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Satisfice is a portmanteau formed from satisfy and suffice,[1] referring to the tendency of time-starved, information-overloaded users to select the first good-enough solution that crosses their path. Users often use satsificing as a triage strategy, based on the time and effort a more comprehensive search might entail.

"A decision-making strategy that attempts to meet criteria for adequacy, rather than to identify an optimal solution".[2]

One of the problems of this information-chocked world is that answer-seeking becomes too quick to be well-refined. Artificial Intelligence pioneer Herbert Simon explains this problem very well with his term "Satisfice".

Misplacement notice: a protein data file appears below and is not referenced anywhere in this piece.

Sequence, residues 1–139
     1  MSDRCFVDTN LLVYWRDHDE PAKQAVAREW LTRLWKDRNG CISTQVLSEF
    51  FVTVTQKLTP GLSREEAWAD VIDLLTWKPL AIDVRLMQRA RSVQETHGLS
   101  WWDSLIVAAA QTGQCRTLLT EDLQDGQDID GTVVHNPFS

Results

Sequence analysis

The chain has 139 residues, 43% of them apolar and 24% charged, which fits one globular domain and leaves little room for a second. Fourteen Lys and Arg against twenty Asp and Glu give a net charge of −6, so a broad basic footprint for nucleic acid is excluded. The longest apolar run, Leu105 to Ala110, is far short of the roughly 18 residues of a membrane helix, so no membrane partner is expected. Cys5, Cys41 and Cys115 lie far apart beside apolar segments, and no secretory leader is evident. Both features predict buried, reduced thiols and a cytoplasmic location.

Satisficing and Networks

In this way, your network researches for you en masse, and you can simply wait for the information to return. In the future, your network may rely on you for your specific expertise in order to avoid their own Satisfice on the subject. One can avoid making mediocre choices due to last-minute information needs by predicting future information that will be needed, and/or created networks of experts based on those future needs.


  1. Ken Manktelow (2000): Reasoning and Thinking, Hove: Psychology Press, p. 221.